Intersolar Europe: from Trump to Turkey


Despite repeated prompting and a series of open questions designed to elicit the type of quotable invective directed at Donald Trump that journalists of all creeds love, attendees at Intersolar Europe were refreshingly sanguine on the news that the U.S. president is poised to pull the country out of its Paris Agreement obligations.

While the far-reaching impact of such a decision can not fully be known right now, the consensus among solar and renewable energy experts is that PV, wind, storage and decentralized energy will chart their own paths towards even wider adoption, no matter what retrograde measures and policies are put in place by Trump.

It was particularly edifying to hear Claus Wattendrup, head of business development for wind and solar at Swedish utility firm Vattenfall effectively declare that renewable energy is the future, and everybody – including Trump – has to accept that.

“The train has left the station,” Wattendrup told pv magazine. “Vattenfall knows better than most how the energy system is changing, with more flexible systems and prices. Renewables and storage play an important role in this, which is why Vattenfall has begun pursuing these industries over the past couple of years.”

Wattendrup said that the company’s overall aim is to become C02-free – quite a claim for a firm that is one of Europe’s largest coal generators. “We want to be an important player in the new energy mix, so we have to change, and that means more clean energy and not fossil fuel energy.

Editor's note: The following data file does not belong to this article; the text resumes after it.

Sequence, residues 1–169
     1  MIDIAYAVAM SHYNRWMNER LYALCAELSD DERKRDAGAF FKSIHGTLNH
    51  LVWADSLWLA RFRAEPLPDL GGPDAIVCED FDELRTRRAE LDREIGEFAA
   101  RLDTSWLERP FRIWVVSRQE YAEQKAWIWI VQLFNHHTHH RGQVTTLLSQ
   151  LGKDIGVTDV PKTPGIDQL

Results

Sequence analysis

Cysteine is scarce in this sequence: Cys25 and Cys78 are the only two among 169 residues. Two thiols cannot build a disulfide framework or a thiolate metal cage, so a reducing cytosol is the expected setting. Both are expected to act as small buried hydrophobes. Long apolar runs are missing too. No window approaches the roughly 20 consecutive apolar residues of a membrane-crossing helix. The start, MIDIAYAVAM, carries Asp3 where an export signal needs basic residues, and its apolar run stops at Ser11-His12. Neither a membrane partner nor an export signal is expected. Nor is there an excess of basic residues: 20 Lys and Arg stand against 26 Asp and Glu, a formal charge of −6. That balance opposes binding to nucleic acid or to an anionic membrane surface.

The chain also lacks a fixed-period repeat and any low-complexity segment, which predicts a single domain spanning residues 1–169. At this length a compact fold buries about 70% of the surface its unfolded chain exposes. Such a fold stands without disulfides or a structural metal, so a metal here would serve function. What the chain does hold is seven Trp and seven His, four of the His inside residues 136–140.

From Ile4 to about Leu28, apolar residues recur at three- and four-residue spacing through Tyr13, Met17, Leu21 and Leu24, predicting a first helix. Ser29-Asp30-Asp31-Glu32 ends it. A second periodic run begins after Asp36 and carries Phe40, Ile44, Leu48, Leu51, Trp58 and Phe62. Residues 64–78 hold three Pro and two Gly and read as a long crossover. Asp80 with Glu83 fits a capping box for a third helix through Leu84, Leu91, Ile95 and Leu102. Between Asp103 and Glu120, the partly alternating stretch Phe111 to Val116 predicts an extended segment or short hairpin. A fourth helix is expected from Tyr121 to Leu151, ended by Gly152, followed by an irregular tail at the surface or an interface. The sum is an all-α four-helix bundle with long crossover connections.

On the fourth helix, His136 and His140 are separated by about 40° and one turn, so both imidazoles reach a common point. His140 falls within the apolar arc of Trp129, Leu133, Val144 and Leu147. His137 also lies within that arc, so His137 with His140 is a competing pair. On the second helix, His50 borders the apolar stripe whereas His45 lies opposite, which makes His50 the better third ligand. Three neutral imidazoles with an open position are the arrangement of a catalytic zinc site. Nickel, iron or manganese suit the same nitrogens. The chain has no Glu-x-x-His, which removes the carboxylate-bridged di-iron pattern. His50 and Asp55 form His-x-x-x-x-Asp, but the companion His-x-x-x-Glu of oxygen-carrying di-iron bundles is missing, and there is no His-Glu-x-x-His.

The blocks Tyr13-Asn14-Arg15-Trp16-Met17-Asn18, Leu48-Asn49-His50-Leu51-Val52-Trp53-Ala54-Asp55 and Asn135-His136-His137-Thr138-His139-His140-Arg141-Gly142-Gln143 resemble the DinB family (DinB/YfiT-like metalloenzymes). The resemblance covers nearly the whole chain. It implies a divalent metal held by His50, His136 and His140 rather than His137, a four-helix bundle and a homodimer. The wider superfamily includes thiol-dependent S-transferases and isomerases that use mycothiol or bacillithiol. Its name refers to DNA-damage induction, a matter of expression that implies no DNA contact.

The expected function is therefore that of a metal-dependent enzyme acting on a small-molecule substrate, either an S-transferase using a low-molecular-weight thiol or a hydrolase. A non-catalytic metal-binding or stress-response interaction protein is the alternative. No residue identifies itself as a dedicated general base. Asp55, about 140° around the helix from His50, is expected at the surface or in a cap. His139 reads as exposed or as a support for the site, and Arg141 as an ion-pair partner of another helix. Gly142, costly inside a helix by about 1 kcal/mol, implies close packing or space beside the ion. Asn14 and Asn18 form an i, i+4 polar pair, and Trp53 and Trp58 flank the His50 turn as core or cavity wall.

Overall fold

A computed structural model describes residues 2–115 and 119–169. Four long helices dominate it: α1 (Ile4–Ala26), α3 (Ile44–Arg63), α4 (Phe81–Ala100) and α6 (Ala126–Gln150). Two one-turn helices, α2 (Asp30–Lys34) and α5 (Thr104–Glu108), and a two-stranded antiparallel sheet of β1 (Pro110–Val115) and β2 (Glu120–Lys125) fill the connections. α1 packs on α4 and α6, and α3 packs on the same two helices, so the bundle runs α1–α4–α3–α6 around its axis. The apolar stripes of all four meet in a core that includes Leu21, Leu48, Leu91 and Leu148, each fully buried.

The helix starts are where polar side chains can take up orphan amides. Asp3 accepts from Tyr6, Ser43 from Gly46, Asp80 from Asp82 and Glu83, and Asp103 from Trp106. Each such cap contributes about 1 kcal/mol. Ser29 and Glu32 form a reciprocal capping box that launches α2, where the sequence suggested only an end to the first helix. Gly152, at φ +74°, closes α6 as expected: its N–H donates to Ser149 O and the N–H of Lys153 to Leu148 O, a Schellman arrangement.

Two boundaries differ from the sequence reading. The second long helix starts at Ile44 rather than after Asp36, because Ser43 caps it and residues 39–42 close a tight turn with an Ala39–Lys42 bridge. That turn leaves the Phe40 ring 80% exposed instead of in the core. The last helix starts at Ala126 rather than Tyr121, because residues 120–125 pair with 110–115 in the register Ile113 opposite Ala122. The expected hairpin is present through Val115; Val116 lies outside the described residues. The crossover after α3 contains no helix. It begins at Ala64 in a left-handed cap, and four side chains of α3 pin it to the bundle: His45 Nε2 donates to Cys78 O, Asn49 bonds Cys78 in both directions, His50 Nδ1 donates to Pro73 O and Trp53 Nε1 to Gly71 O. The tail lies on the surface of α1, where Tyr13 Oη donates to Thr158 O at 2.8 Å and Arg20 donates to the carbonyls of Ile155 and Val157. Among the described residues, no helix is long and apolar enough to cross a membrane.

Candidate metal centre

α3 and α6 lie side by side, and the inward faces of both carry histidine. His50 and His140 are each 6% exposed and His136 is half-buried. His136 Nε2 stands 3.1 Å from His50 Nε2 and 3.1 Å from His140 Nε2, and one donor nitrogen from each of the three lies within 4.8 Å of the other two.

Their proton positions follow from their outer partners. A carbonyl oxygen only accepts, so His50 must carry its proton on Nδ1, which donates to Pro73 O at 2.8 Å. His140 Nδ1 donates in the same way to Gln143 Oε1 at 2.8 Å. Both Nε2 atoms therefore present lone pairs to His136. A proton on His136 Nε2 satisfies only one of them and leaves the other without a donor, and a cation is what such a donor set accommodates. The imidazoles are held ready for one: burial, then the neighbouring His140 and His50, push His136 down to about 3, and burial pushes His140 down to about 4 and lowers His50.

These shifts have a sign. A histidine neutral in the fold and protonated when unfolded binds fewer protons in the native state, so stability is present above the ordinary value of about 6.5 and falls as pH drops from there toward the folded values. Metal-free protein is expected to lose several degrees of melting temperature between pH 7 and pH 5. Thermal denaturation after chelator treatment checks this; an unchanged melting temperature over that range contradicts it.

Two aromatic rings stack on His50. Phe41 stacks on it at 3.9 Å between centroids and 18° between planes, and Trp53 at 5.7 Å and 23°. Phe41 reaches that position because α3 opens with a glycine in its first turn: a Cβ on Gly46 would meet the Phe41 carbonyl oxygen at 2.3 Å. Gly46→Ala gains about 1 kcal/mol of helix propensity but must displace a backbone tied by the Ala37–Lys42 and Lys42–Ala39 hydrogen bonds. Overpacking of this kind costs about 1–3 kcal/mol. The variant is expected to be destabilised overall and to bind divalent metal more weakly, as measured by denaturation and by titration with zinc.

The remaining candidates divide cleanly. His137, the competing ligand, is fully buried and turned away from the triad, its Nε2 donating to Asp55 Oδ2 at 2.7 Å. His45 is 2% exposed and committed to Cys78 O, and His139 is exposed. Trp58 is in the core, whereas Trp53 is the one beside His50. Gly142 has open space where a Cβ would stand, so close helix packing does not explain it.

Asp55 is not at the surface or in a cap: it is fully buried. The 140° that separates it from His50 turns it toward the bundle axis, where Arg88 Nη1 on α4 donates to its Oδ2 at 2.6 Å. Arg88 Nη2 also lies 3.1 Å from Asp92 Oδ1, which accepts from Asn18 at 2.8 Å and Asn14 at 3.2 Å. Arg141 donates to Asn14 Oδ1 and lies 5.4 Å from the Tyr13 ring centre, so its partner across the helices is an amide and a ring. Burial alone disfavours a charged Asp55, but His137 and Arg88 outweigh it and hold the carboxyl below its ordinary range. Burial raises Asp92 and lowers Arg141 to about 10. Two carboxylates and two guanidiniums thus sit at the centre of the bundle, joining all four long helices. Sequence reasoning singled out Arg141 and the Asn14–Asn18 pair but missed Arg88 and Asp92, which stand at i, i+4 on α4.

“It is a shame that Trump is pulling the U.S. out of the Paris Agreement. Even without Trump, China is fully committed, that is even more important. Most of Europe is fully committed. Africa is completely committed. Solar is the trend, and you cannot stop that. Clean energy doesn’t depend on one politician or one country, it is about economics, and solar is so cheap now, wind too, there is no way back.”

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If Trump supporters backing the repeal of the Clean Power Plan (CPP) could be construed as Turkeys voting for Christmas, what has also become clear at Intersolar Europe is that Turkey (the country) is voting for solar. And in a big way.

Expectations from BNEF are that the country could add 1 GW of PV capacity this year, and even more in 2018 and 2019 – all despite the relatively shaky political climate in the country.

Derek Huang, senior sales director EMEA region for Chinese inverter company Sungrow, told pv magazine that the Turkish solar market is proving exceptionally strong in 2017.

“We have seen our market share in Turkey rise to 30%,” Huang said, “and demand for all types of our inverters has been strong. If the current policies can be clarified a little further in the future – particularly in terms of the licensed and unlicensed segments – then we foresee that Turkey could become Europe’s strongest solar market.”

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